How to Minimise Financial Risk

How to Minimise Your Financial Risks and Plan for the Unplannable

Are you taking risks that could lead to financial disaster?

There are a range of financial risks that might end up costing you a little—or a lot—of money. While we tend to think about bad financial decisions in terms of hasty investments and pyramid schemes, there are many more run-of-the-mill scenarios that could end up with you out of pocket.


  • Investments taking a dive, which don’t recover in time before you need to access the funds
  • Sick leave or unplanned leave from work that isn’t covered by your leave allocations
  • Unexpected home, car, or appliance repairs that cannot be delayed
  • Loss of your job, or a pay cut. While this scenario seems outlandish, with COVID-19, many people experienced a drop of income that was completely unforeseen
  • Death of a spouse, which could mean less income or more childcare expenses
  • A natural disaster such an earthquake, tsunami, or fire
  • An accident or health diagnosis that results in permanent disability. This could mean a change in career or being unable to work at all. It also could mean an increase in costs
  • Theft, vandalism, or a man-made accident such as a car crashing into your home
  • Relationship breakdown or divorce.

There are other risks that are unique to your situation. A financial risk is basically anything that could negatively impact your finances and stop you from achieving your goals.

So all of these things; can you protect yourself from them? Can you mitigate the risks or resolve them altogether?

How Can You Mitigate Financial Risks?

While you can’t avoid risk altogether, there are three main ways you can minimise the harm from risk.

  1. Be well insured

There are a variety of insurance types that can cover a range of scenarios.

  • Contents insurance covers all your possessions in case they are stolen, damaged, or lost
  • House insurance covers your home from physical damage in the case of disaster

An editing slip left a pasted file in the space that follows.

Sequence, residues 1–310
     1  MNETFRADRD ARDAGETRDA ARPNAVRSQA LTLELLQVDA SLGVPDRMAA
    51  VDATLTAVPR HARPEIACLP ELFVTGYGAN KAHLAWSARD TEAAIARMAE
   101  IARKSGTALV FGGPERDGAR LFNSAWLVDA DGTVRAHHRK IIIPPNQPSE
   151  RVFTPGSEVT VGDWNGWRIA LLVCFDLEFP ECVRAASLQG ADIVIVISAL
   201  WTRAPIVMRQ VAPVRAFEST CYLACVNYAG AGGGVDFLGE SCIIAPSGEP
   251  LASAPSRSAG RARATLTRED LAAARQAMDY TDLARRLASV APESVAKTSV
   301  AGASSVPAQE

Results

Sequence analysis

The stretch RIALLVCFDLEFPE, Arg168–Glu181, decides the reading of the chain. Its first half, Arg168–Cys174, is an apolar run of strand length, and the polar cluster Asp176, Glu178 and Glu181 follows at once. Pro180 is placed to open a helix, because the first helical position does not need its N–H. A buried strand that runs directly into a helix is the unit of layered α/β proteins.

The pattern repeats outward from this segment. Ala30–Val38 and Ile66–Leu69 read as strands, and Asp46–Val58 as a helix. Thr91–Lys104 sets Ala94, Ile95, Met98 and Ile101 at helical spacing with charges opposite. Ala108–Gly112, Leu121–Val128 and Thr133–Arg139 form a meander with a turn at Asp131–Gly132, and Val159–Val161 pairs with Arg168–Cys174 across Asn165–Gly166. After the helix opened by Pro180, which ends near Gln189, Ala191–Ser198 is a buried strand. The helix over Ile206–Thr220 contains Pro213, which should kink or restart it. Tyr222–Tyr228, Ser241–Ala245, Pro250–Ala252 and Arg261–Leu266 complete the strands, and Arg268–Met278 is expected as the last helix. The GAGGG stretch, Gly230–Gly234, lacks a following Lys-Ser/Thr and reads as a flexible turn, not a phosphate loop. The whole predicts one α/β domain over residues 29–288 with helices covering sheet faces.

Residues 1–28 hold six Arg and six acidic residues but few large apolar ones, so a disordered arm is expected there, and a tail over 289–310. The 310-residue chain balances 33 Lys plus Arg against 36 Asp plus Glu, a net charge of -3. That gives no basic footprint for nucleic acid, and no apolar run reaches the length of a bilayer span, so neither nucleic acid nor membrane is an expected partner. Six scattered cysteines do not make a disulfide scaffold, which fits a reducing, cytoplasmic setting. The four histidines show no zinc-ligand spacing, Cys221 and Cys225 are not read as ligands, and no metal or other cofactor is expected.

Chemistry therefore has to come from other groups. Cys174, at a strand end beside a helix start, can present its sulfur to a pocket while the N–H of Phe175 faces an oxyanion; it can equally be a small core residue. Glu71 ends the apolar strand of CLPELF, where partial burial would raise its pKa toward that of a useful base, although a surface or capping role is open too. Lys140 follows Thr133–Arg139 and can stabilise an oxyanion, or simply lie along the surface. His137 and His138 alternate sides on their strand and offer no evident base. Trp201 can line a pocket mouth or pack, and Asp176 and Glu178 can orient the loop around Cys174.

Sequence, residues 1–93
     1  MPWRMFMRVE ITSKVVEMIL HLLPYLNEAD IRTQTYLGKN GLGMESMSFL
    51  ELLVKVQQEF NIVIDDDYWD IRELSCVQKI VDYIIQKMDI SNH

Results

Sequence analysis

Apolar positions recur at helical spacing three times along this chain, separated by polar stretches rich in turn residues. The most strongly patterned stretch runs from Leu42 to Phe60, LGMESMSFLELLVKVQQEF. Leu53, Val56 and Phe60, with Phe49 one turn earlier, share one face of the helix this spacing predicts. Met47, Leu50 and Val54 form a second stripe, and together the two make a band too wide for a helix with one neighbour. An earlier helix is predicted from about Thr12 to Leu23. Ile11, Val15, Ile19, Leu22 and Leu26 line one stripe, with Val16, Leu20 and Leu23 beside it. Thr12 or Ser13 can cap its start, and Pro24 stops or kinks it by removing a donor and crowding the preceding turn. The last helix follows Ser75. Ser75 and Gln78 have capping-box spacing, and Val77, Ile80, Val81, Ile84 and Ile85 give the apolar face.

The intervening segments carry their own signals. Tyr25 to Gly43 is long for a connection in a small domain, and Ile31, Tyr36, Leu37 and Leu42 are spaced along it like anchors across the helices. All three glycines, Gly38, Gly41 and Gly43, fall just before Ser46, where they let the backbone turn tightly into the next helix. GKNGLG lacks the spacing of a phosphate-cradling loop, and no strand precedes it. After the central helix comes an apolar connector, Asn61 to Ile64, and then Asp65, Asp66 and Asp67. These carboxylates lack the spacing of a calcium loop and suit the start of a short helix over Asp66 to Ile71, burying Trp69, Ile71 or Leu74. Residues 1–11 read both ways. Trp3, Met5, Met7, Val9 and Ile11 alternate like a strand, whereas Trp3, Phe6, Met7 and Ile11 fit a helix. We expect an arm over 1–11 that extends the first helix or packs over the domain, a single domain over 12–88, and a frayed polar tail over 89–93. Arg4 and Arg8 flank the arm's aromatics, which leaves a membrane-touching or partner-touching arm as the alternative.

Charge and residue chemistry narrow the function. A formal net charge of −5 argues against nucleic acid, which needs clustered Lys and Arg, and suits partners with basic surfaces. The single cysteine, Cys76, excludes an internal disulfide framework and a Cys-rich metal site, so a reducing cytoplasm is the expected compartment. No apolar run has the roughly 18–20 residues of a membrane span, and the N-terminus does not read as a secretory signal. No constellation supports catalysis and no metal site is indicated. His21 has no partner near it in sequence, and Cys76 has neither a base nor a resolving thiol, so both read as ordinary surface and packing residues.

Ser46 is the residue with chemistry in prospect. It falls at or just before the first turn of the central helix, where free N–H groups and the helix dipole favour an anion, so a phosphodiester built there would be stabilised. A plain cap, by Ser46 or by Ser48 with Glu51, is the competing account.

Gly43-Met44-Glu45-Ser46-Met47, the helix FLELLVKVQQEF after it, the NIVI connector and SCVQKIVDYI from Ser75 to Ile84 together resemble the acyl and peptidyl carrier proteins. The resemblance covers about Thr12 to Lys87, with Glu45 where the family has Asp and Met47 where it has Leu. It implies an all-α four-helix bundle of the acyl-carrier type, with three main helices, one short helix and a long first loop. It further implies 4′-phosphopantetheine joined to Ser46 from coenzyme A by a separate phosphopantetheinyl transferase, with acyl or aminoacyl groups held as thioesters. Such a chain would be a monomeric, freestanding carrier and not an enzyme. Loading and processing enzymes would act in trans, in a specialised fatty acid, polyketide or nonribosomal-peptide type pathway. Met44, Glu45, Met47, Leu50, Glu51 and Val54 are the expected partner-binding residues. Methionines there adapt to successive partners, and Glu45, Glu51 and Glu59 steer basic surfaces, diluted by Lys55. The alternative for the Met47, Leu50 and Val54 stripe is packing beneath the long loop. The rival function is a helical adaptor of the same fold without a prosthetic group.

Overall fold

• EQC insurance is unique to NZ, and is part of your home insurance. This covers you in case of a natural disaster such as a flood or earthquake
  • Third party car insurance covers you for damage you cause in an accident, but does not cover your car
  • Comprehensive ‘full’ car insurance covers your car and all damage you do in an accident
  • Income protection insurance pays out a percent of your salary in case you are unable to work, and some policies cover redundancy
  • Health insurance can cover all medical expenses, or surgery only, or a mix. This covers medical bills from outside the public system
  • Trauma/ critical illness insurance pays out a lump sum if you’re diagnosed with a incurable illness or you suffer from an injury
  • Mortgage protection insurance will pay your mortgage for you if you’re unable to work for some reason
  • Disability insurance will pay out a lump sum if you suffer from a permanent disability from accident or illness
  • Life insurance pays out either a lump sum or cover for a fixed term to your surviving family
  • Travel insurance covers you for loss, medical bills, and holiday interruption when travelling. This covers a variety of scenarios.
  1. Have an Emergency Fund

A savings buffer for ‘a rainy day’ will save you from financial ruin. Most advisors recommend that having enough money to cover three to six months of expenses in case of emergency. This also can be used to pay for unexpected repairs or replacement of vital items such as a refrigerator or car. Of course, this will also cover you for periods if you’re unable to work. Even if you’re fully insured, most policies will have a stand down time ranging from a few weeks to a few months.

  1. Live Below Your Means

By consistently living below your means, you decrease risk in two ways. Firstly, you have less outgoings, so you need less money to get by from day to day. This means any savings you have will last much longer, and any insurance you have doesn’t have to cover as much, which saves you with premiums. Secondly, you can save more.

The Biggest Risk of All

The biggest risk is the one you don’t see coming and don’t plan for. Everything is going well, life is ticking over nicely, the economy is good, and then… COVID. Or a child is diagnosed with an illness. Or any one of hundreds of events that king hit you on a random Tuesday afternoon.

This is when having flexibility in your budget and adequate savings is vital. You can get all the insurance you like, but no-one predicted a global downturn, a drop in 20% of the workforce, and incomes being trimmed or cut altogether.

It’s simple, but can be challenging to do, especially if you’re on a tight budget.

  • Save more than you need.
  • Get the right level of insurance cover.
  • Live below your means.
  • Have an emergency stash of money.

Contact Sam Kodi to make sure you’ve planned for the unpredictable.